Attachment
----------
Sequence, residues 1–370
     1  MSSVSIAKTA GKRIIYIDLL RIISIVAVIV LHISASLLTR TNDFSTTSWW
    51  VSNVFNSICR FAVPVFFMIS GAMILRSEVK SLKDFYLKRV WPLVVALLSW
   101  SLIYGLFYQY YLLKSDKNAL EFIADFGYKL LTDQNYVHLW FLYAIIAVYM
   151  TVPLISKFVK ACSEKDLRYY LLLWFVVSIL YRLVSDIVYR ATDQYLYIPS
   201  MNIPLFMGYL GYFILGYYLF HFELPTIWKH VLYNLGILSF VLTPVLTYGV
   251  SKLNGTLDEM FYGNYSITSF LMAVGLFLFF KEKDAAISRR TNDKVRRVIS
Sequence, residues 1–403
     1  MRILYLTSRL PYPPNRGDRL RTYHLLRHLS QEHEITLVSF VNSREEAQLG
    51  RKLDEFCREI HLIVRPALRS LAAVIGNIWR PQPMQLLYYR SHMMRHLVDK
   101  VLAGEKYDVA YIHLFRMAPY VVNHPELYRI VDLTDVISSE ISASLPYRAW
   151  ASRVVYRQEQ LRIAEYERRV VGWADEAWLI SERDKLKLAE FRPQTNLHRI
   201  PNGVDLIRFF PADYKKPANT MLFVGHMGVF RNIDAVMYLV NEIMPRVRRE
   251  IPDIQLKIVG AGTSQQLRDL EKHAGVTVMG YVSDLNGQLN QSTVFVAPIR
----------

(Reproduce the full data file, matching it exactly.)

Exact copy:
Sequence, residues 1–370
     1  MSSVSIAKTA GKRIIYIDLL RIISIVAVIV LHISASLLTR TNDFSTTSWW
    51  VSNVFNSICR FAVPVFFMIS GAMILRSEVK SLKDFYLKRV WPLVVALLSW
   101  SLIYGLFYQY YLLKSDKNAL EFIADFGYKL LTDQNYVHLW FLYAIIAVYM
   151  TVPLISKFVK ACSEKDLRYY LLLWFVVSIL YRLVSDIVYR ATDQYLYIPS
   201  MNIPLFMGYL GYFILGYYLF HFELPTIWKH VLYNLGILSF VLTPVLTYGV
   251  SKLNGTLDEM FYGNYSITSF LMAVGLFLFF KEKDAAISRR TNDKVRRVIS
Sequence, residues 1–403
     1  MRILYLTSRL PYPPNRGDRL RTYHLLRHLS QEHEITLVSF VNSREEAQLG
    51  RKLDEFCREI HLIVRPALRS LAAVIGNIWR PQPMQLLYYR SHMMRHLVDK
   101  VLAGEKYDVA YIHLFRMAPY VVNHPELYRI VDLTDVISSE ISASLPYRAW
   151  ASRVVYRQEQ LRIAEYERRV VGWADEAWLI SERDKLKLAE FRPQTNLHRI
   201  PNGVDLIRFF PADYKKPANT MLFVGHMGVF RNIDAVMYLV NEIMPRVRRE
   251  IPDIQLKIVG AGTSQQLRDL EKHAGVTVMG YVSDLNGQLN QSTVFVAPIR